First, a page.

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opinion millbank

WASHINGTON -- President Trump is a force of nature. Actually, he is a full-blown meteorological phenomenon.

Last week, what in any other presidency would have been a Category 5 hurricane made landfall at the White House. It felt more like a drizzle.

The president's personal lawyer confirmed that he paid $130,000 to porn star Stormy Daniels, reportedly so she wouldn't talk about an alleged affair with Trump dating to 2006, months after Melania Trump had given birth to their son, Barron. Daniels's rep said she is now free from her confidentiality agreement and ready to talk.

Trump in an adulterous affair? With a porn star? And hush money? You couldn't invent a scandal better than this.


Stormy Daniels just couldn't compete with Stormy Porter. Even the Trumpophilic Trey Gowdy, R-S.C., chairman of the House Oversight and Government Reform Committee, said he was launching an investigation into why White House staff secretary Rob Porter was allowed to stay on the job despite credible allegations of wife-beating. Leaked White House documents showed that as of November, Porter was but one of more than 130 political appointees in the Executive Office of the President who didn't have permanent security clearances -- including the White House counsel and press secretary.

Stormy Porter, meanwhile, had to compete with Stormy Shulkin: Veterans Affairs Secretary David J. Shulkin's office was found to have altered an email to try to legitimize a taxpayer-funded trip to Europe for Shulkin and his wife.

And over at the Environmental Protection Agency, Stormy Pruitt was intensifying. EPA Administrator Scott Pruitt was justifying his frequent first-class flights by explaining that he has had "issues" with passengers in coach class not being nice to him.

All those storms, in turn, are but upper-level disturbances compared with the tidal surge now washing over the White House from Stormy Mueller's probe, which has secured two guilty pleas from Trump campaign officials and indictments of two more as well as 13 people allegedly involved in a Russian "troll farm."

The Post reported about still more Trump tampering with the probe: Trump asked White House counsel Donald McGahn to get then-FBI Director James B. Comey to say publicly that Trump wasn't under investigation.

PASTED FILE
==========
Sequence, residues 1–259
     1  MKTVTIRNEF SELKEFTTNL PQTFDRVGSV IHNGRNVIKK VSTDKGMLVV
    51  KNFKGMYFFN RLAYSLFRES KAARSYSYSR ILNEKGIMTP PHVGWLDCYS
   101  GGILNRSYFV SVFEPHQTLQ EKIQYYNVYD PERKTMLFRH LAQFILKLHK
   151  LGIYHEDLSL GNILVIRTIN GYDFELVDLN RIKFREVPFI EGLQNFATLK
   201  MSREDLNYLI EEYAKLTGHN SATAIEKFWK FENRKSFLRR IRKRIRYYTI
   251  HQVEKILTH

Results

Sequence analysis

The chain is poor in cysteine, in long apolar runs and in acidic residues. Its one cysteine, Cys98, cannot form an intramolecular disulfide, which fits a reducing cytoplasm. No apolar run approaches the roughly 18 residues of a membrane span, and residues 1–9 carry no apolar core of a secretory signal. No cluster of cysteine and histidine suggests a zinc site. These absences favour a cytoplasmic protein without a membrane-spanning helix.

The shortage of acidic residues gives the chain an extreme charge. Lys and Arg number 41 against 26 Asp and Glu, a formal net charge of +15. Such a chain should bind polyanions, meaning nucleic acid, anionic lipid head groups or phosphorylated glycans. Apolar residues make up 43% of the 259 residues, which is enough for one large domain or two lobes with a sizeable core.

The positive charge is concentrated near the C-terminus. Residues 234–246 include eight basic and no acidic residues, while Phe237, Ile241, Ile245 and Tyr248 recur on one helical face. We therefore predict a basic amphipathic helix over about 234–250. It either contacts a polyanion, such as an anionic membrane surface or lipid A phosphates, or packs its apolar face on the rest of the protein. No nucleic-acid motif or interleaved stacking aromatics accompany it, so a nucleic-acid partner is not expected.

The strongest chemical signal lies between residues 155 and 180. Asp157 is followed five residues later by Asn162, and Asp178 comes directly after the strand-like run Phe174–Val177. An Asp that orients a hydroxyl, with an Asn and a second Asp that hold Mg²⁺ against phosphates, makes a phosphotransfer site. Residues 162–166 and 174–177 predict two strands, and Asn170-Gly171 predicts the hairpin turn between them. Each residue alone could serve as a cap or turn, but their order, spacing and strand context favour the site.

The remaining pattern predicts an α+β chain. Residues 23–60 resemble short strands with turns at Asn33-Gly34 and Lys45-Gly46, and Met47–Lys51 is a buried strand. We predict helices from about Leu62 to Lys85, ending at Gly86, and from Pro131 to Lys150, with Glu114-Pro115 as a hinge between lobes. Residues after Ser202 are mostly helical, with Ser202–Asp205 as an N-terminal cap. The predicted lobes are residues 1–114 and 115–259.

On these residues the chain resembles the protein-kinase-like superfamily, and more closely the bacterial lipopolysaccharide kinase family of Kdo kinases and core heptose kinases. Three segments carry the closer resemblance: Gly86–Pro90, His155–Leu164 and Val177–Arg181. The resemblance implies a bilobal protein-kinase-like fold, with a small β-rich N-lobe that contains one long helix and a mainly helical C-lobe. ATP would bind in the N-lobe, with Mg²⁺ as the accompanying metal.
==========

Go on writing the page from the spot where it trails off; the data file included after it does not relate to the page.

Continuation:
By week's end, the New Yorker reported about another woman -- this one a former Playboy model -- alleging an adulterous affair with Trump at about the same time as the alleged Stormy Daniels tryst.

But here's the odd thing: Any one of these weather systems should, by ordinary standards, capsize a high official. So why don't they merge into a perfect storm of scandal for Trump?

I put the question to the experts, meteorologists Jason Samenow and Angela Fritz of the Capital Weather Gang. They thought it over and found a weather analog that explains well what is happening to Trump. It seems the president is benefiting from the Fujiwhara Effect.

When two hurricanes (or even two low-pressure systems) approach each other, one would expect that they would merge into a larger and more powerful storm. But this isn't what happens. As the Japanese meteorologist Sakuhei Fujiwhara first identified in 1921, the two storms begin to circle each other as if on a pinwheel. Under the Fujiwhara Effect, the two storms may alter each other's paths and then go their separate ways, or, more likely, the weaker storm will dissipate and be absorbed by the larger storm.

But even as the bigger storm absorbs the smaller storm, the dissipating storm disrupts the stronger storm's structure and circulation, creating wind shear and limiting the development of thunderstorms.

The merged storms, in short, are less than the sum of their parts.

The proliferation and intermingling of Trump scandals, likewise, reduce the impact that any one of them would have by itself.

Hurricane Daniels might be a major storm, but when it begins to dance the Fujiwhara with Hurricane Mueller (a slow-moving Cat 5), Hurricane Porter (Cat 3) and Tropical Storms Pruitt and Shulkin, the system becomes highly disorganized and loses strength.

Trump is saved by scandal overkill.

There are so many that they compete for energy: The resignation of White House speechwriter David Sorensen, also amid abuse allegations. Daily infighting among current and former officials in a White House staff that has already had a 34 percent turnover, as the New York Times's Peter Baker reports. The adviser to the first lady whose firm was paid $26 million by Trump's inaugural committee. The heads of the Centers for Disease Control and Prevention as well as the Health and Human Services Department resigning over allegations of impropriety, and indications of similar ethical issues at Housing and Urban Development, Interior and Treasury. The Trump family using the federal government for personal financial gain. The White House ignoring Russia's once and future disruption of U.S. elections.

Sorry, Stormy, you've been downgraded.


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